How are current price increases impacting the funding of residential developments and affecting overall residential strategies?
Price rises are certainly having an effect on new developments. It isn’t necessarily making investments unsustainable, but it may mean a change of strategy. Having a partner that shares in this heightened construction cost risk is very important.
New developments can still take place, but the strategy may now be to review the market in a few years after completion. The great benefit of residential is that it gives you two options – you can sell the asset or lease it. You potentially have greater flexibility and optionality.
Choosing the right partner is important to mitigate price increases. We always look for an alignment of interests. We are seeing a slight move away from forward funding towards joint ventures.
For some projects, the developer’s profit is not delivered at the end of the development but at a later date and is predicated on the asset performing well. Will there be a bigger risk premium for residential development projects? That hasn’t materialized yet, but it is certainly something we are continuing to monitor.
Other developments that we are keeping an eye on include changes to tax and interest rates, and how these are changing in various markets. If we look again at Denmark, they recently introduced a mark-to-market tax on residential investments and also announced a change to how property tax will be calculated on an annualized basis for residential investment. This will have an impact on returns.
There also seems to be an understanding that governments will have to pay for the cost of covid over the last two years and the only way they can do this is through taxation. We are not seeing material increases in taxation across the board so fortunately it is not making investments uneconomic yet.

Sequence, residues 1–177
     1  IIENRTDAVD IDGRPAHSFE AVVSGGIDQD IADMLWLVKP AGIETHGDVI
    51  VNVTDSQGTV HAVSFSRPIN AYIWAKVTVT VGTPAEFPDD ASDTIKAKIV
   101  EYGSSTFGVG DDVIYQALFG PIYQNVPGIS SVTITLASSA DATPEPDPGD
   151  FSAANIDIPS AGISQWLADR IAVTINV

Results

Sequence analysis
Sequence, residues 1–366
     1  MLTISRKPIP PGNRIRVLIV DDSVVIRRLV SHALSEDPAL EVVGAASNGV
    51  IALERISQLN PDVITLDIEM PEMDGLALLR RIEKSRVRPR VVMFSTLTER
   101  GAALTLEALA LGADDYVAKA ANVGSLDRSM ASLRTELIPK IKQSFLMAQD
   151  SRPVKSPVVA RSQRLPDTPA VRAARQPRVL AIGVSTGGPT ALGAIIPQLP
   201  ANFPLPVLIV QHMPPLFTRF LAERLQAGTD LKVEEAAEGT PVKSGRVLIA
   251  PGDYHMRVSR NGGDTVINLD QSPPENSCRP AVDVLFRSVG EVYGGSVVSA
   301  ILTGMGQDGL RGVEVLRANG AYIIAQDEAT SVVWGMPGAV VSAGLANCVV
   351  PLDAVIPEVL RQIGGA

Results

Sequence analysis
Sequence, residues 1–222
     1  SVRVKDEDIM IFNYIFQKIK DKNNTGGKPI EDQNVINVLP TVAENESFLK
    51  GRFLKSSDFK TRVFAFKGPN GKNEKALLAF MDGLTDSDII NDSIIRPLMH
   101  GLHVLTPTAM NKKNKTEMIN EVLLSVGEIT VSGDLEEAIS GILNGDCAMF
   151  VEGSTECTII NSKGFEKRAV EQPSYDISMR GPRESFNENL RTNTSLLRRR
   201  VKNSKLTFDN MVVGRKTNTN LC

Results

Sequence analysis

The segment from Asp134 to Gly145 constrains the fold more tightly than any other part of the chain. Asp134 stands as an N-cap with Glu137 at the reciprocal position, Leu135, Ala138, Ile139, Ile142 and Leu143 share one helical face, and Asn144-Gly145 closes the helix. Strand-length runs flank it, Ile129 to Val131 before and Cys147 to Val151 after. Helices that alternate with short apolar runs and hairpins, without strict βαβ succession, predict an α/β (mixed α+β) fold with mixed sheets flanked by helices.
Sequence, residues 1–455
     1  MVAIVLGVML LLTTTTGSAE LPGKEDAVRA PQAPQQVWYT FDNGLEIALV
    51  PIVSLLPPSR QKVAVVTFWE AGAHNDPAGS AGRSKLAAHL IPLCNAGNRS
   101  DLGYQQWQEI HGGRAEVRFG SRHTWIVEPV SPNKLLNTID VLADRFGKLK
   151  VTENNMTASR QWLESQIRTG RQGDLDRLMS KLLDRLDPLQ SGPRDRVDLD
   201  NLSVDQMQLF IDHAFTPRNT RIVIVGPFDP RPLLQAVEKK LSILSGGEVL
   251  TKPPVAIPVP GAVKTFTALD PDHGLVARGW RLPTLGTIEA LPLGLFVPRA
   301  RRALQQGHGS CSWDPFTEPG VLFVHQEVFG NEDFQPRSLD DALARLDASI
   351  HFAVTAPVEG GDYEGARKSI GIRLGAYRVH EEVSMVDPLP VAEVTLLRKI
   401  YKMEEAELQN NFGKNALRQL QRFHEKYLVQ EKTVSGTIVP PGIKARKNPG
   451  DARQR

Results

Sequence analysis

Interest rates may present a bigger challenge, and one that is not particular to the residential market. They impact any sector that needs to borrow to enhance returns. Also, as interest rates rise, this may put pressure on bond pricing and could lead to outward yield shifts, although we haven’t seen this yet.
How are deals being structured today to avoid construction cost risk?
For the most part, deals are simply not being done. Depending on which market you are in, the concept of a fixed-price bill contract does not necessarily mean you won’t have construction cost increases.
As soon as you become a landowner in Italy, for example, you have some degree of liability for increased construction costs – it is a function of the law in that market.
You can’t completely avoid construction cost risk, but you can mitigate it by working with contractors that are thinking about methodologies of construction that don’t necessarily replicate what has happened before. It is beneficial to work with partners who are more creative about where they are sourcing their product and, perhaps, accept that they may have to buy domestically at a slightly higher cost but from a more reliable supply chain.
In terms of joint ventures, we may also see more deals where the developer is further incentivized to keep construction costs down. Ultimately, although we are still witnessing deals being completed, fewer people are prepared to take construction cost risks at the moment.
What are the current similarities and differences across the EMEA region when investing in residential and its subsectors?